Many people become inspired after seeing the world around them and wanting to make a difference. Sometimes their eyes are opened by a news article, other times, it’s a close friend or family member who awakens a need for change. There are many things to consider before venturing out into the world of charity foundation.
The first questions you need to ask yourself are about the causes you want to support. Make sure you have a clear direction about what you hope to accomplish and list all your goals, short- and long-term. Ask yourself to be honest about why you are passionate about a cause. You need to go through this lengthy self-exploration at the onset before you become fully invested in any projects.
With any luck, you will already have the resources you need to back your endeavors. If not, it’s important to consider the methods you will need to employ to reach other contributors, as well as the demographic you should be targeting. If you are interested in clean energy, the last thing you want to do is contact an oil magnate. Find others who are in line with your belief system.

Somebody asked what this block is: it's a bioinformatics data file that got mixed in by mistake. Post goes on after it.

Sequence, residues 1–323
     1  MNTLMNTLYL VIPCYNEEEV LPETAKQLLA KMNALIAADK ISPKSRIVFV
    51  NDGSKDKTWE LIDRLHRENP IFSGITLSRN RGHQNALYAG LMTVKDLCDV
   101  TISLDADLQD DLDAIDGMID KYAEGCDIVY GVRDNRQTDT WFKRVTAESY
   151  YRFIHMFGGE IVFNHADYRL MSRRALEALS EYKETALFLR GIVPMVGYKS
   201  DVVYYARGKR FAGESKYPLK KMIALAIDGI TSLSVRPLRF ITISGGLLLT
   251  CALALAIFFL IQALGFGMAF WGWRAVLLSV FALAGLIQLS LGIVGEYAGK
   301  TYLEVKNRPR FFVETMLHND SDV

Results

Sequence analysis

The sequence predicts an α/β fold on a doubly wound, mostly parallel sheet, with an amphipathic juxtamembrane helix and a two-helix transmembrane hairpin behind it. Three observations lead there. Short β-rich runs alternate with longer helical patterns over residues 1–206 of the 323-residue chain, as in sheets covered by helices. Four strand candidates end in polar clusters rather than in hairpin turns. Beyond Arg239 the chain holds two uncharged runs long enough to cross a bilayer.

Public perception is everything when it comes to marketing, even in the world of philanthropy. Once you have established your cause and your mission, it’s time to choose a name and logo that makes people want to join your cause. Some organizations, like the American Cancer Society, are named after the disease, others try to honor revolutionaries in the field by naming the charity after them. When you do register with the IRS, make sure to register as a non-profit organization so you will remain tax-exempt. Unless you are an experienced tax attorney or accountant, make sure you hire professionals to draft up your paperwork.
In addition to a catchy name, it’s important to set yourself apart from your competition in other ways as well. There are over 1.5 million nonprofits in the U.S. and many people get donation fatigue very easily. People also like to stick with things that are familiar, so it can be difficult to change their minds about the usual recipients of their tax-free generosity.